Belfair Redux

I don’t often get the chance to walk the same route I’ve walked earlier in the day to see if I’d see the same birds at a different time. I did get that chance Friday at Belfair, returning after lunch to walk the same route that I’d walked at 7:30 earlier in the day.

I was rather surprised at what I saw, or didn’t see, though perhaps I shouldn’t have been. All the song birds had disappeared, without a single peep, replaced by a flock of crows who were eating the berries in the trees, even driving out this raptor who dared to be sitting in one of the trees they coveted.

Crow Dive Bombing Raptor

It might appear here that the hawk was winning, but my camera couldn’t capture the other five crows who harried the poor guy all the way across the creek.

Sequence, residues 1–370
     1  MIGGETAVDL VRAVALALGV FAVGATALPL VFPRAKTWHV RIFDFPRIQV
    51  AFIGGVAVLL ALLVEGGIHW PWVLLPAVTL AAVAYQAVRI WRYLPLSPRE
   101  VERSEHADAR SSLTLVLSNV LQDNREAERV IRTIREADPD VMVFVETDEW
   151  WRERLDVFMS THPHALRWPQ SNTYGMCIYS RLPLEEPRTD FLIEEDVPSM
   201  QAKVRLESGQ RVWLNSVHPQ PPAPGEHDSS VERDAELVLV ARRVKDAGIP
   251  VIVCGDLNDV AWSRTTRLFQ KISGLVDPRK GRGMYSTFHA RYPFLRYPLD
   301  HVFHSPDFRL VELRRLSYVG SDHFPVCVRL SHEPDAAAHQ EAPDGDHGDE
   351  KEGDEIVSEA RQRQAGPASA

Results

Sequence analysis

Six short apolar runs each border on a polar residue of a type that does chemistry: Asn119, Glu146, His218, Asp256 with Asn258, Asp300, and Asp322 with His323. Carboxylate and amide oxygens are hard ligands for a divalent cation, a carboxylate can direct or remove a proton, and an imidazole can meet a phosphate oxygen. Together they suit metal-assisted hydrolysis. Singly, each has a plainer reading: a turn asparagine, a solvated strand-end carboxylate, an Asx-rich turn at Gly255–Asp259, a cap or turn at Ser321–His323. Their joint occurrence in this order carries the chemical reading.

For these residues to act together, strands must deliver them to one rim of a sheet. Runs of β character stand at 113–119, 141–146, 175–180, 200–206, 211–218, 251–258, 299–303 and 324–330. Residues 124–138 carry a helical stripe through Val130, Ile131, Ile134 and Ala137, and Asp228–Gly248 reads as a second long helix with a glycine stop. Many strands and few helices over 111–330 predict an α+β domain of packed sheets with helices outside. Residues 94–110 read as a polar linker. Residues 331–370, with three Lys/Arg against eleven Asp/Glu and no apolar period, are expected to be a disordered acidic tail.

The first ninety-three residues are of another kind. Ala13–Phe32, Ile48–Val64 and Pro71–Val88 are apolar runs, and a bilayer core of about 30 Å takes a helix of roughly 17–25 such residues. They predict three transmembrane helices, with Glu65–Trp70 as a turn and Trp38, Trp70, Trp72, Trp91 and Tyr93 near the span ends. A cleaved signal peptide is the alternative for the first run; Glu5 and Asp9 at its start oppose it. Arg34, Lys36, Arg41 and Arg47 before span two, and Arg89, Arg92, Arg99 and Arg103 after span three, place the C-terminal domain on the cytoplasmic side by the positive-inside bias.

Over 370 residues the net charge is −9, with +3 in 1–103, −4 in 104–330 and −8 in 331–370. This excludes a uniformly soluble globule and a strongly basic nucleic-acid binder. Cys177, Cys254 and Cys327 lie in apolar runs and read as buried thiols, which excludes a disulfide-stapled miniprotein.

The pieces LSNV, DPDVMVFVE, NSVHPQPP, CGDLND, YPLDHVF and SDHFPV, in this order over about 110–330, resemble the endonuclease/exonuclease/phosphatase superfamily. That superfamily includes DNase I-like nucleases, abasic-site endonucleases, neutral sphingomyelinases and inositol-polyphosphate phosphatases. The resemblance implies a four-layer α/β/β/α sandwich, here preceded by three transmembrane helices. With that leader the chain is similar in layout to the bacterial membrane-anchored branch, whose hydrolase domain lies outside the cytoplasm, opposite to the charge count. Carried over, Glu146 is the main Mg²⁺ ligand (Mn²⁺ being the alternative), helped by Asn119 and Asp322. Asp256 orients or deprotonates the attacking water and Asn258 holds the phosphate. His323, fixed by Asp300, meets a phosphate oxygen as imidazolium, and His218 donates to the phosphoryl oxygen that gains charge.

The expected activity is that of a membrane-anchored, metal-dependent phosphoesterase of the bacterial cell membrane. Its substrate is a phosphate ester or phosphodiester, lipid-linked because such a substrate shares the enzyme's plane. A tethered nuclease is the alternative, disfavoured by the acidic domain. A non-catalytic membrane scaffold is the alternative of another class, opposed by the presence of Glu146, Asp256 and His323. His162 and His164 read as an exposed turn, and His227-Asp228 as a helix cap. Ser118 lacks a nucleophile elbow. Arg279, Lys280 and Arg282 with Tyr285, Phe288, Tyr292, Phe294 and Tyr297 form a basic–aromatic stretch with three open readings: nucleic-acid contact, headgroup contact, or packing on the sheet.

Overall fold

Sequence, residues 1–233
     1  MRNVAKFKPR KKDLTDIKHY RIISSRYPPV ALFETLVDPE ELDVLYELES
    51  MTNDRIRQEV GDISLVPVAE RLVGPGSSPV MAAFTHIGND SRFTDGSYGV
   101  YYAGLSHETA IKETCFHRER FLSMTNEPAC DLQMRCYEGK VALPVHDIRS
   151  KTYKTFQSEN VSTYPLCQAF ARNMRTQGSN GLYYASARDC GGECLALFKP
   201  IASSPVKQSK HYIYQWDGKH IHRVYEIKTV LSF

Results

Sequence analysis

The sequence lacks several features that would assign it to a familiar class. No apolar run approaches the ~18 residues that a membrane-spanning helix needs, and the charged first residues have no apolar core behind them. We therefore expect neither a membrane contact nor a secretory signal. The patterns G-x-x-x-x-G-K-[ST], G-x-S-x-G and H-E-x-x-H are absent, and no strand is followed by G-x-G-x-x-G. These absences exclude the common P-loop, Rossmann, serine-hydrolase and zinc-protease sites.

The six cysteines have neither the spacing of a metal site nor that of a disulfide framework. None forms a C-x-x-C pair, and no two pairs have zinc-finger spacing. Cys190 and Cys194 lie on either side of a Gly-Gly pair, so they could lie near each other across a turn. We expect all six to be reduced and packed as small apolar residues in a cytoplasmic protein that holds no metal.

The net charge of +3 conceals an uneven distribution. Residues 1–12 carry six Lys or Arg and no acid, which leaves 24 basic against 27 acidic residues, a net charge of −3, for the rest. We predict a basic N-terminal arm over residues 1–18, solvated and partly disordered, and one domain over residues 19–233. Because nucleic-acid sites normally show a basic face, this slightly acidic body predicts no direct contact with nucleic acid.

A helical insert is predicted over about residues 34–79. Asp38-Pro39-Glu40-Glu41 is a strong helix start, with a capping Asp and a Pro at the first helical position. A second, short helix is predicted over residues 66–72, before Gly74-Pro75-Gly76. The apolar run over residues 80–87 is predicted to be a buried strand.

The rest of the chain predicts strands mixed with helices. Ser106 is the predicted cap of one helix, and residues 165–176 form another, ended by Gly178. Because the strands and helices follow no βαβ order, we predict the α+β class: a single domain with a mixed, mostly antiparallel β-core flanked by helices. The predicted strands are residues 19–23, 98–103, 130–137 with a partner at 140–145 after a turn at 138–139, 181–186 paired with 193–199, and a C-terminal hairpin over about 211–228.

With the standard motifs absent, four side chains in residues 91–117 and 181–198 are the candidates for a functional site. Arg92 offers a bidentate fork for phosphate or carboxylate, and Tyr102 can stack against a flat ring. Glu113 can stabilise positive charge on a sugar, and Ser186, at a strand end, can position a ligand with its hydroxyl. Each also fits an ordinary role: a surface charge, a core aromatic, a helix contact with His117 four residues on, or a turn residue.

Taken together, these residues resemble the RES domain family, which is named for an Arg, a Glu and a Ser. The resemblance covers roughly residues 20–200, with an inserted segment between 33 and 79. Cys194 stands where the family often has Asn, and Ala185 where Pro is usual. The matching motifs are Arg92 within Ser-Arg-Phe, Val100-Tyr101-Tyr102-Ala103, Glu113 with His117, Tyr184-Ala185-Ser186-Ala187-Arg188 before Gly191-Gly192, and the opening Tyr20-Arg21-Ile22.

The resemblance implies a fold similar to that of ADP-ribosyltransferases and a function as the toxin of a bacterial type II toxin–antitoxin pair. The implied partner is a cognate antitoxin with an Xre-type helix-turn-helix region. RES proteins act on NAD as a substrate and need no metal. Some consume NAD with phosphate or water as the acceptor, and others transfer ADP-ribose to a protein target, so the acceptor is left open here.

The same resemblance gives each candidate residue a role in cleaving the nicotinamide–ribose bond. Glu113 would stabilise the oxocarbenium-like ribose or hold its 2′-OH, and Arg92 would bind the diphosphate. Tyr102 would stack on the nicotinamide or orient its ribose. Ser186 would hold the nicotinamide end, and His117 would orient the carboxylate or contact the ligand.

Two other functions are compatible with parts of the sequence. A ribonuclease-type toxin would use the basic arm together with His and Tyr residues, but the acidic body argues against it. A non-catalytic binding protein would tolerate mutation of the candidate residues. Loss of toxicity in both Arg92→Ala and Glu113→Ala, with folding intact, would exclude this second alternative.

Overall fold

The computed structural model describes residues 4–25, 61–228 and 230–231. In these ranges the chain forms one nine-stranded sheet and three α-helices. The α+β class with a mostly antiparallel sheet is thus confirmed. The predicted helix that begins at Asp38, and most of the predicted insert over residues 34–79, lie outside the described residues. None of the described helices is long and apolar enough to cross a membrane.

The raucous fight caused the only other bird I saw to fly to a quieter spot.

Great Blue Heron Flying

Really, though, the afternoon walk was dominated by dragonflies, not birds. I got so many chances to take pictures of dragonflies that I finally got another shot of one mid-flight,


though I had to settle for a shot of this Meadowhawk holding onto a leaf.


I can only wonder if the songbirds would have been there if the crows, and the raptor, hadn’t occupied the same territory or if they limit their foraging to the early morning hours.

6 thoughts on “Belfair Redux”

  1. Dragonflies are a territorial insect. The next time you walk that route, I bet you’ll see the same dragonflies in the same locations.

  2. That dragonfly in flight is a very exciting shot!

    I used to take dragonflies for granted (in Louisiana, they’re also called mosquito hawks). This summer is the first time I’ve had them in my yard (south of Albuquerque). Of course, this is the first summer the mosquitoes have been so bad, too.

  3. Me, too. But so far about all I’ve seen this “Fall” is mallards, and not very many of them. They have to be on their way back soon.

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